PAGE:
I first tried embroidering on paper in January when I made a thank you card seen here. I had done that one without much planning and just winged it by going freehand. I really enjoyed the technique and have since been interested in experimenting some more with it. So after I received the necklace I had won from a blog giveaway, I wanted to send Mary a little something to thank her.
I’ve always loved the look of cross-stitch, particularly the beautiful pieces stitched by my Aunt Joan. But I’ve never done it myself, and really wanted to have a go at it, so decided to cross-stitch some paper and make it into a bookmark.
I found this neat site, Cross Stitch Writing Tool, that translates anything you type into a cross-stitch pattern, so I selected the Dublin Font and typed out Mary’s name and some decorations on either side. My idea was to stitch the paper that had the pattern on it, right onto the card-stock I was using to make the book-marker. This would give the finished piece a little more sturdiness and weight, with the extra layer of paper in there. This meant I had to reverse the pattern so I could stitch right through it and the letters would be right on the front. I used Photoshop to flip the image and then printed it up.
Note that stitching on paper is very unforgiving because any holes you make by mistake will show, unlike fabric where a mistake will just disappear after the stitch is removed. So, in order to know where to stitch, I first marked the pattern by poking my needle through the paper.
To do the cross-stitches you use 2 (of the 6) threads that make up a length of embroidery floss, threaded into a sharp needle. The stitching is pretty straight-forward but if you’d like some instructions there’s a video here.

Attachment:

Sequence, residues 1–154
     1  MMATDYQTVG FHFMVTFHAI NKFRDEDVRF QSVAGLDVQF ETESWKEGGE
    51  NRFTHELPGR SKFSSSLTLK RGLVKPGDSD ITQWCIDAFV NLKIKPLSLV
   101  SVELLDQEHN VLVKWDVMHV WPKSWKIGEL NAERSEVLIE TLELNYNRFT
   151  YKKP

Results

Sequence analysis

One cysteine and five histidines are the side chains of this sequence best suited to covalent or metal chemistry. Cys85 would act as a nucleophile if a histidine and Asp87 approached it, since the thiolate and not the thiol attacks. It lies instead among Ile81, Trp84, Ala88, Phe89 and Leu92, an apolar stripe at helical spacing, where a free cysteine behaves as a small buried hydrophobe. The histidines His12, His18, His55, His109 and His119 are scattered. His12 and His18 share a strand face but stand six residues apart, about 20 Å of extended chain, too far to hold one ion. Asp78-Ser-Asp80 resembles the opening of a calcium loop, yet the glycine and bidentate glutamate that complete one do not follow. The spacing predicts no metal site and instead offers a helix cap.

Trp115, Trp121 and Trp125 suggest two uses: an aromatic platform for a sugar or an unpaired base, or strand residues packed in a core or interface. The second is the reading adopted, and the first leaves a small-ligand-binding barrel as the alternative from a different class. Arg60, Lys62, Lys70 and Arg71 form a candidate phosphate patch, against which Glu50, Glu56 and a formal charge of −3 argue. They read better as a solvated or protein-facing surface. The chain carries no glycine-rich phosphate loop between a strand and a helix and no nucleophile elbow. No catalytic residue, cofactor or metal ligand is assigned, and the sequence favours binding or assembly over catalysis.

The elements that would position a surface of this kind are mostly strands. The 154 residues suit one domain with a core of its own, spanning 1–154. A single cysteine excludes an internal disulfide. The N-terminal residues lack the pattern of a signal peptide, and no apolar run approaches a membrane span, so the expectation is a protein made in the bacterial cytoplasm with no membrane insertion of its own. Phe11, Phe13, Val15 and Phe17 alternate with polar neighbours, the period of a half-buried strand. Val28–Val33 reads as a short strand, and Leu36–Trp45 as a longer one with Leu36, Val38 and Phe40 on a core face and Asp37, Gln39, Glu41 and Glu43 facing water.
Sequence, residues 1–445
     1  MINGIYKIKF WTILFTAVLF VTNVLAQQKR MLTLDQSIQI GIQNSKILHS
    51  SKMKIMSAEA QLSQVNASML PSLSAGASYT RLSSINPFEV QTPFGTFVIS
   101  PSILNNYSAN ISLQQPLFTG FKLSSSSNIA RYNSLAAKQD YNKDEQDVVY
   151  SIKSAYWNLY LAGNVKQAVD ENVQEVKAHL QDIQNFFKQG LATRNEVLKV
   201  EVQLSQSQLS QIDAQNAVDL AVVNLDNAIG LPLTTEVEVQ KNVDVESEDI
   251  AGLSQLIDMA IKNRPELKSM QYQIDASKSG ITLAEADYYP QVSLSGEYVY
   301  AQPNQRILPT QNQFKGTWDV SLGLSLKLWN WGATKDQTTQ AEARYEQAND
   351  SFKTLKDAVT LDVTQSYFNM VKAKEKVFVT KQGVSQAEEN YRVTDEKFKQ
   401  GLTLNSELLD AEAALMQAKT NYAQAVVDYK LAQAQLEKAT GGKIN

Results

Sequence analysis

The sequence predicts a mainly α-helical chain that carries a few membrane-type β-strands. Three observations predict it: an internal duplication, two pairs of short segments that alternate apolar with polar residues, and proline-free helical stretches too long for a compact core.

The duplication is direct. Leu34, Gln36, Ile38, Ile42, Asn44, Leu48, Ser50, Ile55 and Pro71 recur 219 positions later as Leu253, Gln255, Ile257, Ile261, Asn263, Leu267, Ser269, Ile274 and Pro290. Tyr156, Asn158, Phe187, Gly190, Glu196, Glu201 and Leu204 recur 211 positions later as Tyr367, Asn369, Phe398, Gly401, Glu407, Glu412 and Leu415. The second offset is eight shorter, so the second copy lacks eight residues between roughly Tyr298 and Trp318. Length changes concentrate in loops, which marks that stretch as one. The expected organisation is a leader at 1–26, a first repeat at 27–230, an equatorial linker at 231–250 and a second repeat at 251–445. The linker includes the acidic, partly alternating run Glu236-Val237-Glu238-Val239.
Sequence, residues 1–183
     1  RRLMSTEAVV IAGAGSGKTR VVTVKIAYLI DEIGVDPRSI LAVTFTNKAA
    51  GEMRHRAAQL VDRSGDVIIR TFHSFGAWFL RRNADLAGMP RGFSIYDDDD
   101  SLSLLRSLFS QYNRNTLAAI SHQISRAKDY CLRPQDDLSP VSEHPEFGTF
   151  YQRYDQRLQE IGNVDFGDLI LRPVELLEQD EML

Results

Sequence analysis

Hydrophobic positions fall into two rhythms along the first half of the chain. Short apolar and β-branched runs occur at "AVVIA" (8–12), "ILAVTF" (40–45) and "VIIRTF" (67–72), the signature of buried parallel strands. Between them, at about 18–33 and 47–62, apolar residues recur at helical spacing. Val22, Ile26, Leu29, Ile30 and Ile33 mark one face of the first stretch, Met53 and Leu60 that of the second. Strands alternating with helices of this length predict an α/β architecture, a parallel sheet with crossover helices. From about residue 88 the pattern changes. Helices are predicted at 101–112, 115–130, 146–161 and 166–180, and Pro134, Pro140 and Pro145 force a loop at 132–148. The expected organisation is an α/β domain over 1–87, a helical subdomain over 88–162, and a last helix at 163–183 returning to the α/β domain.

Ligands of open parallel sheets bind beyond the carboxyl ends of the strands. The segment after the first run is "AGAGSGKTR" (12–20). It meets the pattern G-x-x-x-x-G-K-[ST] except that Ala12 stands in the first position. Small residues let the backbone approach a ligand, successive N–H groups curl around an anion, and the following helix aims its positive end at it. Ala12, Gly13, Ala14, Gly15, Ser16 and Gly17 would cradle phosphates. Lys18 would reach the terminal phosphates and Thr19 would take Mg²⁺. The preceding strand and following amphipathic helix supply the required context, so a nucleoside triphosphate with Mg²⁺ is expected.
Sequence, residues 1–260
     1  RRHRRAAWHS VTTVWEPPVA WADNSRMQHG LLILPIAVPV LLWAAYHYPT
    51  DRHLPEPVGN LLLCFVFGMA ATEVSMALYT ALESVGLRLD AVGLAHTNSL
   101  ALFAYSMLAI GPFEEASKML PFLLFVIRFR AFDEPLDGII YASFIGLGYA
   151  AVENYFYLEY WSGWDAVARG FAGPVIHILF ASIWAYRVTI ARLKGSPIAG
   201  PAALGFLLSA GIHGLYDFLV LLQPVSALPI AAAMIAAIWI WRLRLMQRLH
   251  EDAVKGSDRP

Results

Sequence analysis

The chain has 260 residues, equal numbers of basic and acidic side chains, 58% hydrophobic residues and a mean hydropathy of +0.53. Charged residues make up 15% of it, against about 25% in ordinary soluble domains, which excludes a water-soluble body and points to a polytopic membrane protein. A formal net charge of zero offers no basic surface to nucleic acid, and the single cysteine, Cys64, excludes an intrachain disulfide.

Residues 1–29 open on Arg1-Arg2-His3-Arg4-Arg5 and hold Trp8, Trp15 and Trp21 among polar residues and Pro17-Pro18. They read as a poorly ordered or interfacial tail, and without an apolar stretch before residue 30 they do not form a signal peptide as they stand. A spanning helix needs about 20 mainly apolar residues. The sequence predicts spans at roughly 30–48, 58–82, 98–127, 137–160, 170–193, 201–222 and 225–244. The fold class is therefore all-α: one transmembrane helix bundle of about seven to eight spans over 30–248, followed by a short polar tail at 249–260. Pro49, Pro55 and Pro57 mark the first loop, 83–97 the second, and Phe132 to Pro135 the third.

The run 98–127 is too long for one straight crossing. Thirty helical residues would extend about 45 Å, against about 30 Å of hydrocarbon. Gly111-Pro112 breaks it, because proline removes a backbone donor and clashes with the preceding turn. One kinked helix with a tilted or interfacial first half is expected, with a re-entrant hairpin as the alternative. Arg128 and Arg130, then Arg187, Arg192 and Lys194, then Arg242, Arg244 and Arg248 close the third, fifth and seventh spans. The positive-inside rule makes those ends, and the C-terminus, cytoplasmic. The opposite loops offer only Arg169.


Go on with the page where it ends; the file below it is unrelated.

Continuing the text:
Basically, the finished piece is made up of three layers, the pattern paper sandwiched between two pieces of thicker paper. I seem to have forgotten to taken a picture of the back of the finished piece, but I first stitched the pattern onto the front piece of stock. Then I attached the back piece by stitching a border around it, sewing through all three thicknesses. This back piece then hid all the stitching mess on the underside of the work.
After all this was done, I lightly penciled in the lines to follow, cutting the book-mark out. I did this at the end so I had a larger surface to work with, allowing me to clamp it into a make-shift cardboard frame.
Then, to finish it off, I made a ‘tail’ for the book-marker, by braiding embroidery floss. Using a larger needle I threaded 3 x 10 inch lengths of floss (the full thickness of 6 threads) onto the end of the book-mark, lined them up so the six ends were even, and tied them with a knot. Then I divided them into 3 groups of 2 and made a braid, tying it off at the end with another knot and trimming the ends.
I hope these instructions are clear but if you have any questions about how to complete this project, please ask away!